In what is an unprecedented attack on FIFA, Marthinus van Schalkwyk, the South African Minister of Tourism, has blasted FIFA over the low number of international visitors coming to attend the World Cup in 18 days from today, reports the Cape Times. It is the first attack on FIFA by a member of the South African Cabinet.
Van Schalkwyk told Parliament that only a quarter of the 44000 tickets which had been allocated for Africa (excluding South Africa) had in fact been sold, and he blamed this on the lack of internet access for bookings to be made by soccer fans in African countries, and the exorbitant prices of the tickets. “This is what I will tell Fifa to improve on when they next host the cup in developing countries: ‘Look at the way you sold tickets in Africa’. ‘Africans do not buy tickets on the internet”, he is said to have added.
Van Schalkwyk’s outburst is interesting in that S A Tourism, the country’s national marketing tourism marketing agency, did little to make South Africa attractive to international soccer fans – other than some ads on CNN and SKYNews there was little visibility of advertising for this country. Many soccer fans are not English-speaking, or from the UK and USA, and would not have seen the advertising. The pay-off line for South Africa “It’s Possible” is hardly inspiring, exciting or informative about what South Africa stands for as a tourism destination.
Van Schalkwyk also criticised MATCH, the FIFA ticketing and accommodation agency, about its strategy to book accommodation at small accommodation establishments, and then cancel the majority of these bookings as late as two months before the start of the World Cup. “I think the escape clause in the contracts for accommodation is unfair to small operators. We raised this issue with Fifa from the start”, he said.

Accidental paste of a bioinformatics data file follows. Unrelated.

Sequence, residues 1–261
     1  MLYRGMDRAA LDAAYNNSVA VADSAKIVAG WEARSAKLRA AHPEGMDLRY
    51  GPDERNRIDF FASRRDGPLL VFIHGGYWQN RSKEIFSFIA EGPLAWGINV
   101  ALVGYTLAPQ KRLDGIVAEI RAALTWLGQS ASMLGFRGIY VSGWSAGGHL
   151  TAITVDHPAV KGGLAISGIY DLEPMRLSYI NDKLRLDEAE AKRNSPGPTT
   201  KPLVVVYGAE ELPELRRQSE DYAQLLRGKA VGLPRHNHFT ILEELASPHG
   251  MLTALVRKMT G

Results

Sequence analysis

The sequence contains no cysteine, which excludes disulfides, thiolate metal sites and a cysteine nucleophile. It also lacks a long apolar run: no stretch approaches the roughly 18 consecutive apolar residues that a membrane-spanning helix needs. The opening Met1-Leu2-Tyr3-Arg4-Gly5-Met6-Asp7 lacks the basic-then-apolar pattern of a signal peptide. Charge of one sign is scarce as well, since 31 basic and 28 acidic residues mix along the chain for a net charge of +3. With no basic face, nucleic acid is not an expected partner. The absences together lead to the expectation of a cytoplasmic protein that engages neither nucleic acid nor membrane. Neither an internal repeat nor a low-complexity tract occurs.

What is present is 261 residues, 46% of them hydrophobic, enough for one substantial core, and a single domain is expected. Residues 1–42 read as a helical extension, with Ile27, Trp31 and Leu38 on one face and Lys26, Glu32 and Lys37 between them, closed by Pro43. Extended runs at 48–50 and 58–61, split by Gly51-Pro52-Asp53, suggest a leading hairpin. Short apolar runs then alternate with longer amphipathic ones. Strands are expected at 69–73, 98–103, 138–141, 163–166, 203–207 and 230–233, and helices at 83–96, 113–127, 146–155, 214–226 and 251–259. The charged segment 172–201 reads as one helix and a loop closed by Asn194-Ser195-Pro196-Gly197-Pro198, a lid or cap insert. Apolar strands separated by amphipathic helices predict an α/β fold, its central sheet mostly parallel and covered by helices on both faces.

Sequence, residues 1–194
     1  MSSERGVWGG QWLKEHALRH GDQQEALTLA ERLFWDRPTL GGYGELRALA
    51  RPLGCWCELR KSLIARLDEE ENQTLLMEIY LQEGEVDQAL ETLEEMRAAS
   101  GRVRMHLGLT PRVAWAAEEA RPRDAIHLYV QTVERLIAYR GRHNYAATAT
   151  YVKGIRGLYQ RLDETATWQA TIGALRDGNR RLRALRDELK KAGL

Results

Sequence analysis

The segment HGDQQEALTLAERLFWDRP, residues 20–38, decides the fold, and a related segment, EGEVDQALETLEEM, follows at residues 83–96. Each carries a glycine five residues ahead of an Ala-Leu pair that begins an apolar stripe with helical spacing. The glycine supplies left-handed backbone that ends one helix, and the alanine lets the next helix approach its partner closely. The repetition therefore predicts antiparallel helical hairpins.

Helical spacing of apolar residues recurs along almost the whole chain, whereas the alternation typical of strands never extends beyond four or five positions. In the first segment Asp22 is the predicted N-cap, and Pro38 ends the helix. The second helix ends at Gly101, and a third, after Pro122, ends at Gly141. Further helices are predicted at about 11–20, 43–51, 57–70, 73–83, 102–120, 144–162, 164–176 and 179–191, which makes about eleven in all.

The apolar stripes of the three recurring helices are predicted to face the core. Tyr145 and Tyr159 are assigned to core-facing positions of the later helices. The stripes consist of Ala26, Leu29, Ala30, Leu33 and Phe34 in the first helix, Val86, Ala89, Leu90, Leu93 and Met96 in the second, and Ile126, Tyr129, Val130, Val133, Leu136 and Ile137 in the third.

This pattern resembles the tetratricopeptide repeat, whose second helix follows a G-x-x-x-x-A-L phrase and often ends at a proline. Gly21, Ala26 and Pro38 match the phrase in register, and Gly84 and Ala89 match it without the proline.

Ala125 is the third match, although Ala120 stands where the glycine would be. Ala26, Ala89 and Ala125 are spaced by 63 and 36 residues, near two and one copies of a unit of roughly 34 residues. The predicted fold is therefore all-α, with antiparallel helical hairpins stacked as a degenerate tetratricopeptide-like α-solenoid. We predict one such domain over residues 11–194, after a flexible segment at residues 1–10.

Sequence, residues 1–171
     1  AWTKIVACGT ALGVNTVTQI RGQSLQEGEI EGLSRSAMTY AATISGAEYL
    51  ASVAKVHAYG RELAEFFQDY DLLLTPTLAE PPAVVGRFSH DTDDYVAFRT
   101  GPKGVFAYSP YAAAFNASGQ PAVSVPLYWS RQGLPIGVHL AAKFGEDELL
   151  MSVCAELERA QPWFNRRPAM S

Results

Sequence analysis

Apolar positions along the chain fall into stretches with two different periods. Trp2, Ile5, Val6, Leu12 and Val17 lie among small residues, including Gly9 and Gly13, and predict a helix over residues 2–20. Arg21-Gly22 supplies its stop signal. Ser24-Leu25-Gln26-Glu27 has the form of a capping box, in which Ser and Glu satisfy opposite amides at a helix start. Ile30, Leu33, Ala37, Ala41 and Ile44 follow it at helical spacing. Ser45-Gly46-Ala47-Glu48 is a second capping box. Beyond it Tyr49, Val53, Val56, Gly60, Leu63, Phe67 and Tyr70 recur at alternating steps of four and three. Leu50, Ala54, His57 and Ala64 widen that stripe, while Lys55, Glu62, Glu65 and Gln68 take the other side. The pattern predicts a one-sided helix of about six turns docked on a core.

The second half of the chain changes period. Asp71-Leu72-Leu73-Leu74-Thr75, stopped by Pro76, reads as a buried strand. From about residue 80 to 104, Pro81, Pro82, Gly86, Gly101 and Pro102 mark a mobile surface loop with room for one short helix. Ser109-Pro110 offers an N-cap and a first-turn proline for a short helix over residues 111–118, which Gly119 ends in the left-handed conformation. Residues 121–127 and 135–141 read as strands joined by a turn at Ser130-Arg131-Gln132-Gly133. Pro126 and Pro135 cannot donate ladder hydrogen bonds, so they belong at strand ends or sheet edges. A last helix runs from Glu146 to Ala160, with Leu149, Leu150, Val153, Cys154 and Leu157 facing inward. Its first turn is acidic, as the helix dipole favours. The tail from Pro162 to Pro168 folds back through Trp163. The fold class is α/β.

This writer criticised MATCH about the legally worded contract and the MATCH cancellation policy, which did not allow establishments to set their own cancellation terms, whilst a Director of FEDHASA Cape, via this WhaleTales Blog, and via the WhaleTales newsletters since 2006. For the first time in its history, MATCH booked accommodation at ‘non-hotel’ establishments, at guest houses, B&B’s, and self-catering establishments.
POSTSCRIPT:Poor Minister Van Schalkwyk is having a bad time – on Fin24.com today he is quoted as saying he was pained and embarrassed that guests were handed scarves with a “Made in China” label on them at a media conference, at which he outlined the country’s tourism strategy going forward, two days ago.
Chris von Ulmenstein, Whale Cottage Portfolio: www.whalecottage.com
The boom projection of foreign attendance of the World Cup of 483 000 has been revised to a still-optimistic 373 000 by Grant Thornton, the tourism consultancy that created the original projection about 3 years ago, a drop of 23 %, reports SA Tourism Update.
The Grant Thornton estimate contradicts the FIFA estimates that the number of international soccer fans attending matches in South Africa has dropped by almost half, from 500 000 to 220000, reports The Times.
Based on the original optimistic international soccer fan attendance, the hospitality industry saw $-signs , and actively renovated their establishments, and put excessive price tags onto their properties. Private home owners did quick renovations of their properties in the major cities, and planned to travel overseas during the World Cup period, spending their rental income, only to find the rental market being almost non-existent for the World Cup, given the over-supply of accommodation.